Google revealed plans to test the company’s implementation of DNS over HTTPS (DoH) in Chrome 78. DNS over HTTPS aims to improve security and privacy of DNS requests by utilizing HTTPS. The current stable version of Chrome is 77 released on September 10, 2019.
Google notes that DoH prevents other WiFi users from seeing visited websites; common attacks such as spoofing or pharming could potentially be prevented by using DoH.
Google decided to test the DoH implementation in a different way than Mozilla. Mozilla selected Cloudflare as its partner in the testing phase and will use Cloudflare as the default provider when it rolls out the feature to US users in late September 2019.
Firefox users have options to change the DNS over HTTPS provider or turn off the feature entirely in the browser.
Google’s DNS over HTTPS plan
Google picked a different route for the test. The company decided to test the implementation using multiple DoH providers. The company could have used its own DoH service for the tests but decided to select multiple providers instead.
Tests will upgrade Chrome installations to use DoH if the DNS service that is used on the system supports DoH. Google circumnavigates any criticism in regards to privacy that Mozilla faced when it announced the partnership with Cloudflare.
Google selected the cooperating providers for “their strong stance on security and privacy” and “readiness of their DoH services” and agreement to participate in the test.
The following providers were picked by the company:
If Chrome runs on a system that uses one of these services for DNS, it will start using DoH instead when Chrome 78 launches.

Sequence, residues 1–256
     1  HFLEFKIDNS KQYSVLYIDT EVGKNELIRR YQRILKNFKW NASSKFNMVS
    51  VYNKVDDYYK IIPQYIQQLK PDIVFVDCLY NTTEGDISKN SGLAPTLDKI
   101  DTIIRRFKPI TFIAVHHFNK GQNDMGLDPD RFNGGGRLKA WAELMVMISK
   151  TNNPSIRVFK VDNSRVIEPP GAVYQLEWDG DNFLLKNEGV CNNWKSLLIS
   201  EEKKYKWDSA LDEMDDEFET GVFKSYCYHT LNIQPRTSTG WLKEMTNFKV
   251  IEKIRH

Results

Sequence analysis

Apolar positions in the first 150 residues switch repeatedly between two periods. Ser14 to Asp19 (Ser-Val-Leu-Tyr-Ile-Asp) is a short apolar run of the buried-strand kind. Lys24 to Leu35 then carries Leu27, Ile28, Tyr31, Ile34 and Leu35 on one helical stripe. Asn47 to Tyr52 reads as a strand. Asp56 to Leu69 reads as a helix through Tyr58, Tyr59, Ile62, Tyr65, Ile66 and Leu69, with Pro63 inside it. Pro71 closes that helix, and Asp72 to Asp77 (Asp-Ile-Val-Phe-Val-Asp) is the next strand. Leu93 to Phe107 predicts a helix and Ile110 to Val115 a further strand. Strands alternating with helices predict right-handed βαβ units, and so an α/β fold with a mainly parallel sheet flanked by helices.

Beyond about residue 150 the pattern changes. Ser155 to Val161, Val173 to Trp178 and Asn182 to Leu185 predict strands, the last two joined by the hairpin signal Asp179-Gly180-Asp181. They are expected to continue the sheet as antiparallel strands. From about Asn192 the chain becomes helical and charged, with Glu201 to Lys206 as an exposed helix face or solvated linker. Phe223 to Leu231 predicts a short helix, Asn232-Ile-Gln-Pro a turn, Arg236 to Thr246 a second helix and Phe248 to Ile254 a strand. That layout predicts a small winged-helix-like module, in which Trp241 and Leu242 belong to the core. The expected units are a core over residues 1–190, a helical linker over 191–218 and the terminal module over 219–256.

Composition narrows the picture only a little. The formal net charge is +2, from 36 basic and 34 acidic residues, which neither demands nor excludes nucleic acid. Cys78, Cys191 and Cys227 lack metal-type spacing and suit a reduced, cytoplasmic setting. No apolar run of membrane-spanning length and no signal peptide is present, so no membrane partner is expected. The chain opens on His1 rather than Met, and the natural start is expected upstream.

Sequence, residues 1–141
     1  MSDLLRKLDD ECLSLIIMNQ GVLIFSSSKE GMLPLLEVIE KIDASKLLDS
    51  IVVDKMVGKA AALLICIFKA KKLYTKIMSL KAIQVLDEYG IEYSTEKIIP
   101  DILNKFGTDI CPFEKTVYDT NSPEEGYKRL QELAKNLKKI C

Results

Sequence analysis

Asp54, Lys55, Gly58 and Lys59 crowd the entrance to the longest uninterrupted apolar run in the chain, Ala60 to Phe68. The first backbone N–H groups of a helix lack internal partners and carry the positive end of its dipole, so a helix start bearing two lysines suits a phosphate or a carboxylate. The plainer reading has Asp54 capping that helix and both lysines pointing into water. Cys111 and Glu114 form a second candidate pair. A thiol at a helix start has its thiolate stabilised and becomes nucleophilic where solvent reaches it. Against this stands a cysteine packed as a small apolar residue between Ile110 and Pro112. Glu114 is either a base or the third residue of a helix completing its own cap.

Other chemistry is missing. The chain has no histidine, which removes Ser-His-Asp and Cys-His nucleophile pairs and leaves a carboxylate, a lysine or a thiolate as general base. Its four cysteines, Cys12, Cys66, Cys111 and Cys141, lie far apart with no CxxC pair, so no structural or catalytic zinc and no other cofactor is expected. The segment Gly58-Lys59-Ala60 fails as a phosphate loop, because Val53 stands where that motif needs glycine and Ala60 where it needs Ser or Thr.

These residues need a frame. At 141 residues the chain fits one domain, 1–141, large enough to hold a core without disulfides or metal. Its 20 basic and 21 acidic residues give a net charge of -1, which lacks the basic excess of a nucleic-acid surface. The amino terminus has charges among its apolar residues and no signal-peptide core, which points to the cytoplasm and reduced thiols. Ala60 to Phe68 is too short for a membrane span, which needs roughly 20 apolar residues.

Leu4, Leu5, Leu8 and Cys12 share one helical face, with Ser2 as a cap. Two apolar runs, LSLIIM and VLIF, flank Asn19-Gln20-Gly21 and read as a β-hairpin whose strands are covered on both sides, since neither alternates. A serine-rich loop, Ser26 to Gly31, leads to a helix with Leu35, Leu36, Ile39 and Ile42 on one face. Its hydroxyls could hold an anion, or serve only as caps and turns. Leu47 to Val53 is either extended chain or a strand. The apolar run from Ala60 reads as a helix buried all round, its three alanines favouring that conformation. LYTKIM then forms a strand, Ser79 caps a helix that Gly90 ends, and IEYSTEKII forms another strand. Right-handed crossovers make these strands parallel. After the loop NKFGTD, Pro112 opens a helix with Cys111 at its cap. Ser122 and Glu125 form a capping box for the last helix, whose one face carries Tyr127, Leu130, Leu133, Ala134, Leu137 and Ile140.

The experiment will run on all platforms for a fraction of Chrome users with the exception of Chrome on Linux and iOS. Chrome will revert to the regular DNS service in the case of errors.
Most managed Chrome deployments will be excluded from the experiment, and Google plans to provide details on DoH policies on the company’s Chrome Enterprise blog before release to provide administrators with information on configuring those.
Chrome users may use the flag chrome://flags/#dns-over-http to opt in or out of the experiment. The flag is not integrated in any version of the Chrome browser yet.
Secure DNS lookups
Enables DNS over HTTPS. When this feature is enabled, your browser may try to use a secure HTTPS connection to look up the addresses of websites and other web resources. – Mac, Windows, Chrome OS, Android
Most Chromium-based browsers and Firefox will start to use DNS over HTTPS in the near future. Firefox provides options to disable the feature and Chrome comes with an experimental flag that offers the same. Experimental flags may be removed at one point in the future however and it is unclear at this point whether Google plans to add a switch to Chrome’s preference to enable or disable the feature.
Now You: What is your take on DoH?
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